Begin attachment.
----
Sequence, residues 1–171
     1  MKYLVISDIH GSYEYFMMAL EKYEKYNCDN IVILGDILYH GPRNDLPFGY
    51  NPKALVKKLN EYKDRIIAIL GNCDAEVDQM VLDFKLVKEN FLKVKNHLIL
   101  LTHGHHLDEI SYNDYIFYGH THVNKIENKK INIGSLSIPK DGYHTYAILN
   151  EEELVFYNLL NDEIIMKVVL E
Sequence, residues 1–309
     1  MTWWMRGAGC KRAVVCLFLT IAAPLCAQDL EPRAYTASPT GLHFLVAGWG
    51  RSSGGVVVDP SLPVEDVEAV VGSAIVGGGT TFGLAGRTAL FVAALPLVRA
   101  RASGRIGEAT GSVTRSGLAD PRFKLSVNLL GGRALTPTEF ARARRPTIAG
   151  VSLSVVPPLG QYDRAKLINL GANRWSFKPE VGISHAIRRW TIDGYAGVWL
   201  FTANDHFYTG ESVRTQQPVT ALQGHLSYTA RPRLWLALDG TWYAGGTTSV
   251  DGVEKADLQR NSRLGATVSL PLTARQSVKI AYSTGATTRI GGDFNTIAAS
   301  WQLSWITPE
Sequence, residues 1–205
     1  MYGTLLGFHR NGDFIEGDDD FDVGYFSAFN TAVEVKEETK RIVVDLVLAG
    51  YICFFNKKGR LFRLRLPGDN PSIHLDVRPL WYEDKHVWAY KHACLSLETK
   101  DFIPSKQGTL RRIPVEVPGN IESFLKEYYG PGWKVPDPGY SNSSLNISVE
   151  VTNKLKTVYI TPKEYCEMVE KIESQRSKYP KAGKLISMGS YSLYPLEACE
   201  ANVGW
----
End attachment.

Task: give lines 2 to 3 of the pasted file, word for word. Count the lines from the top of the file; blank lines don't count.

     1  MKYLVISDIH GSYEYFMMAL EKYEKYNCDN IVILGDILYH GPRNDLPFGY
    51  NPKALVKKLN EYKDRIIAIL GNCDAEVDQM VLDFKLVKEN FLKVKNHLIL